In geometry, parallel lines are lines that do not meet. They do not intersect or touch each other at any point. This definition first appeared very early, in Book I of Euclid's Elements.

One way to show that two lines are parallel to each other is to find two corresponding angles created by a transversal line that are congruent, as we have proven in this lesson.

We can use this theorem to come up with another way to show two lines are parallel- if they are both parallel to a third line.

## Problem

If line a is parallel to b, and line c is also parallel to b, show that line a is parallel to c.

## Strategy

We can show lines are parallel by finding a pair of corresponding angles that are congruent. Parallel lines form congruent angles when intersected by a third line. So let's draw a transversal line that intersects all three lines.

Line a is parallel to b, so ∠1 ≅ ∠2 which means that m∠1 = m∠2. Similarly, c is also parallel to b, so ∠2 ≅ ∠3 which means that m∠2 = m∠3. Using the transitive property of equality, m∠1 = m∠3, and so ∠1 ≅ ∠3.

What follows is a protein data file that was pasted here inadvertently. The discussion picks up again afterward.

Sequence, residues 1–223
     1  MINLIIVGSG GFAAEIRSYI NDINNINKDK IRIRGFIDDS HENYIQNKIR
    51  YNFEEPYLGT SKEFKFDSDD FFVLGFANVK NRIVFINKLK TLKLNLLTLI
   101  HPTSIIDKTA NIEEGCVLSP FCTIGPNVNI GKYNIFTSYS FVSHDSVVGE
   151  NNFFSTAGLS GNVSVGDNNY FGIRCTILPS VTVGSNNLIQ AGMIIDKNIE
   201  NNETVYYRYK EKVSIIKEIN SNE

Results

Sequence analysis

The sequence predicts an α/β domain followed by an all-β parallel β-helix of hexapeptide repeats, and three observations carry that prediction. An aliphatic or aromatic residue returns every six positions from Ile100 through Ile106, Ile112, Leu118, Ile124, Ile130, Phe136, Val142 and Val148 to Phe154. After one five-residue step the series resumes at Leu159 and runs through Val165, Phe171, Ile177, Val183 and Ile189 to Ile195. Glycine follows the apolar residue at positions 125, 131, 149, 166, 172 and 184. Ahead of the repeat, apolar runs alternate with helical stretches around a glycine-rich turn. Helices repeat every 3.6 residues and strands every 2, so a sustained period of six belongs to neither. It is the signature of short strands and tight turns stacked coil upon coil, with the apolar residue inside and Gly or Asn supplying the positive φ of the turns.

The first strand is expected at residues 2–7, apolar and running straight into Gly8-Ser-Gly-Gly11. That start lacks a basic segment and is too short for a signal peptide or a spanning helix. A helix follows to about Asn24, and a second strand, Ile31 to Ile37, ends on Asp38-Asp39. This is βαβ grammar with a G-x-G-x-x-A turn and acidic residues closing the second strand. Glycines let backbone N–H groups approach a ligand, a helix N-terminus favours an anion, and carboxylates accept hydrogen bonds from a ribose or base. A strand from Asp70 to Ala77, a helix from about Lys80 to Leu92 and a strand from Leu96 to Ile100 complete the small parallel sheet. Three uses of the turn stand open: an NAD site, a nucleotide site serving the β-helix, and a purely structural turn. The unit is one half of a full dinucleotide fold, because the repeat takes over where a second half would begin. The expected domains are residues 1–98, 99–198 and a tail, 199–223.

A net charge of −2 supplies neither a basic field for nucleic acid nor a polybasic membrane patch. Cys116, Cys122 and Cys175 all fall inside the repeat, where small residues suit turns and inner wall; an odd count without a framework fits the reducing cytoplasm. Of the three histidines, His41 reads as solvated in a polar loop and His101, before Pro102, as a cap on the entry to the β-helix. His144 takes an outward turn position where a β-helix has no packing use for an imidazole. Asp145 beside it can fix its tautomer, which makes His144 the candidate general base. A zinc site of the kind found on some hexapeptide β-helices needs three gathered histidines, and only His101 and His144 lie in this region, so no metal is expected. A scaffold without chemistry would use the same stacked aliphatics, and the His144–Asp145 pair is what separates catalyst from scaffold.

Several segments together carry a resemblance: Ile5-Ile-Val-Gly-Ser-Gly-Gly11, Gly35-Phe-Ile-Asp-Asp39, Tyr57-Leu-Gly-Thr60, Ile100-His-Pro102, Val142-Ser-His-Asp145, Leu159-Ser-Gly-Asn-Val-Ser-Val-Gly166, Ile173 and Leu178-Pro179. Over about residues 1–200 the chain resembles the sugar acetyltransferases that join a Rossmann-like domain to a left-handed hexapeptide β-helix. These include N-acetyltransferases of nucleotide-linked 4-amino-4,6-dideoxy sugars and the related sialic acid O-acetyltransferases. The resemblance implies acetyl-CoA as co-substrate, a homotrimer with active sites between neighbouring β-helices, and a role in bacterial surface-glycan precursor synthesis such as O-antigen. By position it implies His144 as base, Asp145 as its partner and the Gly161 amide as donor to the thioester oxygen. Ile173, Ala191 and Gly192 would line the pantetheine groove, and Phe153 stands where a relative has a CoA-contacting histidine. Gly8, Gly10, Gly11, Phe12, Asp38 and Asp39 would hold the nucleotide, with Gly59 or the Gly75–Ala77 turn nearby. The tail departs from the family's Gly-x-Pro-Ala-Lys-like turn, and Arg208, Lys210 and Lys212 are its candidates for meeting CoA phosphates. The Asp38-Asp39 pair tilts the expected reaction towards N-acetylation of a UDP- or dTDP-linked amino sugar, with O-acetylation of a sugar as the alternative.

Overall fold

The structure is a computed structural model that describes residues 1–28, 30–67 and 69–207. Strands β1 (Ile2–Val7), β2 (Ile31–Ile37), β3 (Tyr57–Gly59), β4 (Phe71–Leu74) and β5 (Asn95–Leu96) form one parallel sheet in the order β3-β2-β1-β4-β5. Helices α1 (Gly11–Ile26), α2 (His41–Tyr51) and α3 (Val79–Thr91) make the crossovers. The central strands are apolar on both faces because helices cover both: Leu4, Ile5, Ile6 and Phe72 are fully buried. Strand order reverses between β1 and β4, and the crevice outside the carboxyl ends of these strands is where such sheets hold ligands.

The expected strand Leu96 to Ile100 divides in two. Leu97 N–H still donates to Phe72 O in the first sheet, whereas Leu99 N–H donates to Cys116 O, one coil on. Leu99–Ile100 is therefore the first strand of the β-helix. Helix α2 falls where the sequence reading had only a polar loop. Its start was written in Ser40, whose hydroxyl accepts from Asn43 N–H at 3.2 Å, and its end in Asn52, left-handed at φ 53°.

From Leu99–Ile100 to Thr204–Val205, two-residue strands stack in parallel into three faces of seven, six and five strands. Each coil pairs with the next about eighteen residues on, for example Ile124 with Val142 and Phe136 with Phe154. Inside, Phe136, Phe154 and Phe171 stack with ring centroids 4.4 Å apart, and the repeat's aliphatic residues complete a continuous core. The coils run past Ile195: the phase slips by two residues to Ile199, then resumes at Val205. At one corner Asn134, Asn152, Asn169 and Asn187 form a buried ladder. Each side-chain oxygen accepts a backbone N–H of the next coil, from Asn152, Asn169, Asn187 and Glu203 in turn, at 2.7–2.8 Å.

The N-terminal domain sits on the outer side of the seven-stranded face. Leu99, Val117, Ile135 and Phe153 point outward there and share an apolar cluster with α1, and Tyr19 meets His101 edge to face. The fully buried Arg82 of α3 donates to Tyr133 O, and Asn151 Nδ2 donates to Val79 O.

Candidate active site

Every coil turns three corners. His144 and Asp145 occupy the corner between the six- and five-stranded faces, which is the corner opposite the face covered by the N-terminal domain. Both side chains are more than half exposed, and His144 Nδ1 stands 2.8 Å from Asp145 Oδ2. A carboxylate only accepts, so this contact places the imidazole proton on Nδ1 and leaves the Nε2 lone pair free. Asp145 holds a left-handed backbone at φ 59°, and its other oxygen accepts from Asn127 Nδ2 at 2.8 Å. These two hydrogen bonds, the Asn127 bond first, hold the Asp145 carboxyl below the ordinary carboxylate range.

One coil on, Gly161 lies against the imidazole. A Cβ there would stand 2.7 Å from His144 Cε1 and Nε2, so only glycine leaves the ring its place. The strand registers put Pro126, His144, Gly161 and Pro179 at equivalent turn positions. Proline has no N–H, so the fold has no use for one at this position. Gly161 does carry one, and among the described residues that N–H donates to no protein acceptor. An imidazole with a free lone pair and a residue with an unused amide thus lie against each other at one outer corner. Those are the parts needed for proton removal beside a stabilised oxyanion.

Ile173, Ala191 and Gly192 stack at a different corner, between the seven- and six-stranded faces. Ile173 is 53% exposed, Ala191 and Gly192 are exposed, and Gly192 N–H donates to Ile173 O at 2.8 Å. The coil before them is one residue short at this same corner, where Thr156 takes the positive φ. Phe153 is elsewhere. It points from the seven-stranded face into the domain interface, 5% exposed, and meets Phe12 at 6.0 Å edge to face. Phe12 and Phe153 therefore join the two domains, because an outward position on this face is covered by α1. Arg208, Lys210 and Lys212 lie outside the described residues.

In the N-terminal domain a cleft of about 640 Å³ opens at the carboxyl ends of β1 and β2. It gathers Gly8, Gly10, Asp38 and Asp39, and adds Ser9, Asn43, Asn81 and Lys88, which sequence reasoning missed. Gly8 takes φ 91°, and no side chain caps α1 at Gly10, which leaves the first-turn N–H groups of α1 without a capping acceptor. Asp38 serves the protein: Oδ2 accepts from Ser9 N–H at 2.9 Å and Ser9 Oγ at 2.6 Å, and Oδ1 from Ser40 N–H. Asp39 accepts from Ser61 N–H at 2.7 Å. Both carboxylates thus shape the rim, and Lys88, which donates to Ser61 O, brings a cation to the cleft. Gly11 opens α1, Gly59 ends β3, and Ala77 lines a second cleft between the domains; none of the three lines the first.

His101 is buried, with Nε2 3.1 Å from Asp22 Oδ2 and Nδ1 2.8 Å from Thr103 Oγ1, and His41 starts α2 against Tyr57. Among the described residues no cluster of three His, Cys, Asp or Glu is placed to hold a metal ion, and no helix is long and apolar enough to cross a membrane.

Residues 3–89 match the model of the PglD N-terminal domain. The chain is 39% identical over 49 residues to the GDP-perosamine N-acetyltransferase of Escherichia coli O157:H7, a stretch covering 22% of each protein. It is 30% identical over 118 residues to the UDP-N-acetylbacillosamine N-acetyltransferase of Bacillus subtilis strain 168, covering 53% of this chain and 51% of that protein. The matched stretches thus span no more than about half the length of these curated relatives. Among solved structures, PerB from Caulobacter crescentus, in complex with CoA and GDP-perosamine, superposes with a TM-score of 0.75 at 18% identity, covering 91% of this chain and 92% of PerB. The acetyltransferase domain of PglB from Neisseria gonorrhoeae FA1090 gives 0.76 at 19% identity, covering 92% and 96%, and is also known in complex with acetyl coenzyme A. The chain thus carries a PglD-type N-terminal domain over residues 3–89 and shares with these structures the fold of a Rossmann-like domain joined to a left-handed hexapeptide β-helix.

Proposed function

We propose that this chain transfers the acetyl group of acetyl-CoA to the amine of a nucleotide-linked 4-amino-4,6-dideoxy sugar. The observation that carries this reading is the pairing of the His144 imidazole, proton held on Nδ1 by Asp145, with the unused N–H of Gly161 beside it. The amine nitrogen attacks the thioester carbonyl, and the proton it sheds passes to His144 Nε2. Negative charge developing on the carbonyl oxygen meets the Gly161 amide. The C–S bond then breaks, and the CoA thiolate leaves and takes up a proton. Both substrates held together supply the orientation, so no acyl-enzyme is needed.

And now, by using the converse of the corresponding angles theorem, line a is parallel to line c.

## Proof

This is how you show that two lines parallel to a third are parallel to each other:

(1) a||b //Given

(2) ∠1 ≅ ∠2 //corresponding angles formed by third line intersecting parallel lines are equal

(3) m∠1 = m∠2 //Definition of congruent angles

(4) b||c //Given

(5) ∠2 ≅ ∠3 //corresponding angles formed by third line intersecting parallel lines are equal

(6) m∠2 = m∠3 //Definition of congruent angles

(7) m∠1 = m∠3 //(3), (6), transitive property of equality

(8) ∠1 ≅ ∠3 //(7), definition of congruent angles

(9) a||c // Converse of the Corresponding Angles Theorem